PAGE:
Monday, February 27, 2006

Karneval

Today is Rosenmontag, and the huge hours-long Karneval parade has just concluded in the streets not far from here in the Innenstadt of Köln. The window is open in my room and I can still hear drums beating in the distance. His Holiness and I have been out in the streets these last few days of Karneval, since Thursday at 11:11AM when the climactic festivities began. Karneval officially commences on November 11th and from that day until Ash Wednesday the citizens of Cologne dress up. His Holiness was in his full frog regalia while I sported only the “rote nase”, or red nose, that appears on the Karneval clowns, which decorate almost every shop window in the city.

The costumes were amazing; I can’t begin to describe them because they were as many and varied as the millions of people who took to the streets to celebrate this ancient festival. Karneval in Köln is truly historic, dating back to Roman times. Originally a pagan festival to dispel the evils of Winter and welcome Spring, Karneval was integrated into the Catholic Church sometime in the 14th century and formalized into the event we know today, in proper Prussian tradition, in the early 19th century. This afternoon His Holiness and I outfitted ourselves in frog and nose respectively and set out for the big day. Along the way we encountered characters whose costumes harkened back to Karneval’s original pagan roots as well as others whose outfits spoke to events as current as the day’s news.



I was apprehensive about staying in the city during Karneval. I’m not a huge fan of crowds and I had heard all sorts of stories about how the neighborhood filled with drunken revelers who carried on long into the night. This apartment is only four blocks from the parade route, but aside from a fairly steady stream of costumed locals making their way to this or that event each day, we never witnessed anything that was unusually out of control. I am accustomed to “normal” out of control, being from Manhattan, and was pleasantly surprised to find Karneval in our neighborhood to be a pretty good time.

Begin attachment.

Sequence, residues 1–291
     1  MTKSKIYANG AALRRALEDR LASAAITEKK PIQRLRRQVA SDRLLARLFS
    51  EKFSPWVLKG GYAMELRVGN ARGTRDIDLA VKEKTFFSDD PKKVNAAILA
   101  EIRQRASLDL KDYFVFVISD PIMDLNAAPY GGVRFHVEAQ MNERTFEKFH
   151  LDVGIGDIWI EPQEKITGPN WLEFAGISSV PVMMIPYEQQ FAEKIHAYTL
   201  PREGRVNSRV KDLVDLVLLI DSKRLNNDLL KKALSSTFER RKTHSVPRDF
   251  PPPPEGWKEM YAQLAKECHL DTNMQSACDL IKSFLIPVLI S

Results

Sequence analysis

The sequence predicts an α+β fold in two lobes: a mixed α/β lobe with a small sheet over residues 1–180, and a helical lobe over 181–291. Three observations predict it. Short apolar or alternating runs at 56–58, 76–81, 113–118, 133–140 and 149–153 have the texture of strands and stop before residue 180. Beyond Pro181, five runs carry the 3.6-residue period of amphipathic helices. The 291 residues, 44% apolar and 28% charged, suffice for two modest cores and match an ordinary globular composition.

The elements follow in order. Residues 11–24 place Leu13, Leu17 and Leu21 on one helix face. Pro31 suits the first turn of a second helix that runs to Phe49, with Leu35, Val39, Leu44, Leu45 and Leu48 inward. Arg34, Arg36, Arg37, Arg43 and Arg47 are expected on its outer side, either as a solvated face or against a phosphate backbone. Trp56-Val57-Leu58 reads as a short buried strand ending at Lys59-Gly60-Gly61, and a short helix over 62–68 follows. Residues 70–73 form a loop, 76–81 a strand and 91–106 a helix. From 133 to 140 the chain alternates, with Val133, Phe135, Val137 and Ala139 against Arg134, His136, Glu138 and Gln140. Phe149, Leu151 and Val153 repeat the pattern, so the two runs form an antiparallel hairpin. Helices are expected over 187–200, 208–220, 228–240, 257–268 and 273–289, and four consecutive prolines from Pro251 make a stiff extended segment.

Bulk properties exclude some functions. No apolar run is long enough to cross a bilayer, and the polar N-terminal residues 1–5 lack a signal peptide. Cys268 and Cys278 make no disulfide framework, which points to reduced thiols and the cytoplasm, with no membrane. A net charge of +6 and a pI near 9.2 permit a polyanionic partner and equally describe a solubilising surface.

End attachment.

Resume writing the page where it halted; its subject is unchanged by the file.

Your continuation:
There is something in the air here in Köln during Karneval. The people acknowledge a sense of themselves as members of some place special. The Kölsche love being Kölsche, they are proud of their traditions, their history, their famous friendliness and openness. And even as a recent, and somewhat wary expat, you can’t help but being stirred with emotion when you are in the middle of a crowd of hundreds and thousands of elaborately decorated men and women as they cheer “Kölle Alaaf, Kölle Alaaf, Kölle Alaaf” which loosely translates as “Köln Hello!” or “Köln Hooray!” and is the official cheer of the Karneval parade and something of an anthem for the city itself.

I have written in these pages before about the phenomenon I’ve witnessed since moving here to Germany, about the fluidity with which the generations mix in cafes and nightspots. Karneval takes the concept of community another step. This week a great leveling occurred as faces, heads, clothes, limbs, status, wealth, occupation, and race – all were disguised in acknowledgment of a greater identity as members of an ancient community and as people who share a tradition.